Unions and rail officials head to DC as White House urgently weighs contingency plans amid rail closure threat


With both sides still unable to reach an agreement and with a freight train strike looming, union officials and railroad representatives are headed to Washington, DC, on Wednesday, where they will meet with Labor Secretary Marty Walsh, according to officials from each union and a Department of Labor spokesman.

While the sources stressed that the situation remains fluid, the two main unions that have persistent disputes with the railways, the Brotherhood of Locomotive and Train Engineers and the SMART Transportation Division, are expected to send their union bosses to the meeting. .

“Continuing the sustained commitment and practical efforts of the administration to encourage the parties to reach a mutually beneficial agreement, tomorrow morning Secretary Walsh will host the railroads and unions in Washington, DC at the Department of I work,” the spokesperson said in a statement.

Wednesday’s meeting puts Walsh at the center of the high-stakes effort to avert what would be a debilitating strike that could deal a huge blow to the economy.

CNN reported Tuesday that the White House is urgently discussing contingency plans as The threat of a railway closure is loomingwith agencies across the federal government working on how they could potentially use federal authority to keep critical supply chains operational while labor negotiations still sitting in a dead end.

Work has intensified in recent days as officials grow increasingly concerned about a labor strike if freight and rail labor talks fail to reach an agreement by Friday’s deadline. And President Joe Biden personally called unions and railroad companies Monday while he was visiting Boston in an attempt to prevent a train shutdown, White House press secretary Karine Jean-Pierre told reporters.

While officials have been closely watching developments, and have been directly involved in an effort to find a solution, for several weeks they have accelerated efforts to plan underscore worst case the stakes of an outcome that would lead to massive supply chain disruptions and double-pronged political and economic risk.

“The White House is working with other modes of transportation — including carriers, truckers, air cargo — to see how they can step in and keep goods moving, in the event of a rail closure,” a White House official told CNN on Thursday. Tuesday.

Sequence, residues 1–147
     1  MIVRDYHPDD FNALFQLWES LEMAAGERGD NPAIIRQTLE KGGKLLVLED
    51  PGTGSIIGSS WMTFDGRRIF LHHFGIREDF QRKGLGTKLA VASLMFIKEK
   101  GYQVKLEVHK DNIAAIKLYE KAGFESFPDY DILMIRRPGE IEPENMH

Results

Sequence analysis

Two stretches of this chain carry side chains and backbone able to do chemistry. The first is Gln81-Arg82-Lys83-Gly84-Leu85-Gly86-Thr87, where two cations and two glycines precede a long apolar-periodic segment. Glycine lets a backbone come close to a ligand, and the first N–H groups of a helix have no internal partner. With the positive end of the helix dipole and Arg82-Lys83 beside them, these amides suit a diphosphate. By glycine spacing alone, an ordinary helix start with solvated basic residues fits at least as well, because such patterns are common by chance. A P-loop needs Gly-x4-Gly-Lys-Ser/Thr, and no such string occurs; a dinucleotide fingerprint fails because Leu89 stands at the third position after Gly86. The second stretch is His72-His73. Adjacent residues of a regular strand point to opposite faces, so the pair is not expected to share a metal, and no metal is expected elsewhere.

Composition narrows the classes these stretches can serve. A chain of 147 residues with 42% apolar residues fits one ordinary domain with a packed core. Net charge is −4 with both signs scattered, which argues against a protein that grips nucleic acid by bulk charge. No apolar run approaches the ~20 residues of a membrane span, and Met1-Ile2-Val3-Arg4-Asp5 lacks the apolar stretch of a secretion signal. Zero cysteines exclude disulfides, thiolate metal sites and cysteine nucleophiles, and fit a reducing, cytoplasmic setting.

The official added that the administration “has also been working with relevant agencies to assess which supply chains and commodities are most likely to face serious disruptions, and the emergency authorities available to keep goods moving.”

Some 60,000 union members who work for the railroad will go on strike, including the engineers and conductors who make up the two-person crews on each train. Although another 45,000 union members belong to unions that have reached tentative agreements with the railroads, a strike by engineers and drivers would cripple the freight rail system, which carries nearly 30% of the country’s freight.

Stakeholders are already warning that the situation is dire, with the US Chamber of Commerce detailing some of the pressing issues in a letter to congressional leaders on Monday.

“Shutting down the nation’s rail service would have enormous national consequences,” the chamber’s executive vice president and chief policy officer, Neil L. Bradley, said in the letter.

It continued: “It would cause perishable foods, such as dairy, fruits and vegetables, to spoil at their points of origin, stop Amtrak service for approximately 12.2 million daily passengers in 46 states, disrupt the delivery of materials and goods to factories and ports, and would inhibit the transportation of heating oil and other important fuels and chemicals. These are just a few examples of the damage from a rail closure.”

Biden continues to receive regular updates on the high-stakes negotiations, including briefings on the matter Monday night and Tuesday morning.

High-level engagements were expected to continue on Tuesday. There are conversations with industry leaders and also “multiple interagency meetings” happening daily with the Departments of Transportation, Defense, Agriculture, Health and Human Services, and Energy, as well as the Federal Emergency Management Agency, the official said, with efforts to “identify the sectors and assets that will be most immediately and significantly affected by a rail stoppage.”

A key area of ​​concern is hazardous materials transported by rail.

“We are paying special attention to hazardous materials transported by rail, to protect the safety of workers and communities, and to support the continued distribution of vital hazardous materials that rely on rail transportation, such as chlorine for water treatment plants.” said the official. who added that “all the tools are on the table and will be implemented as appropriate.”

While concern about a strike has grown at the White House in recent days, the administration remains hopeful that the matter will be resolved. The president does not have the authority to prevent a strike, but Congress can still act to prevent a work stoppage.

“We hope that this planning and preparation will prove unnecessary and that the negotiating parties will agree to a resolution and not allow America’s workers, families and businesses to be harmed by a rail stoppage. We have been clear in all of our communications with the negotiating parties that a shutdown is unacceptable and will harm American workers, families and businesses, and they must take steps to prevent it,” the official said.

This story and the headline were updated with additional details on Tuesday.

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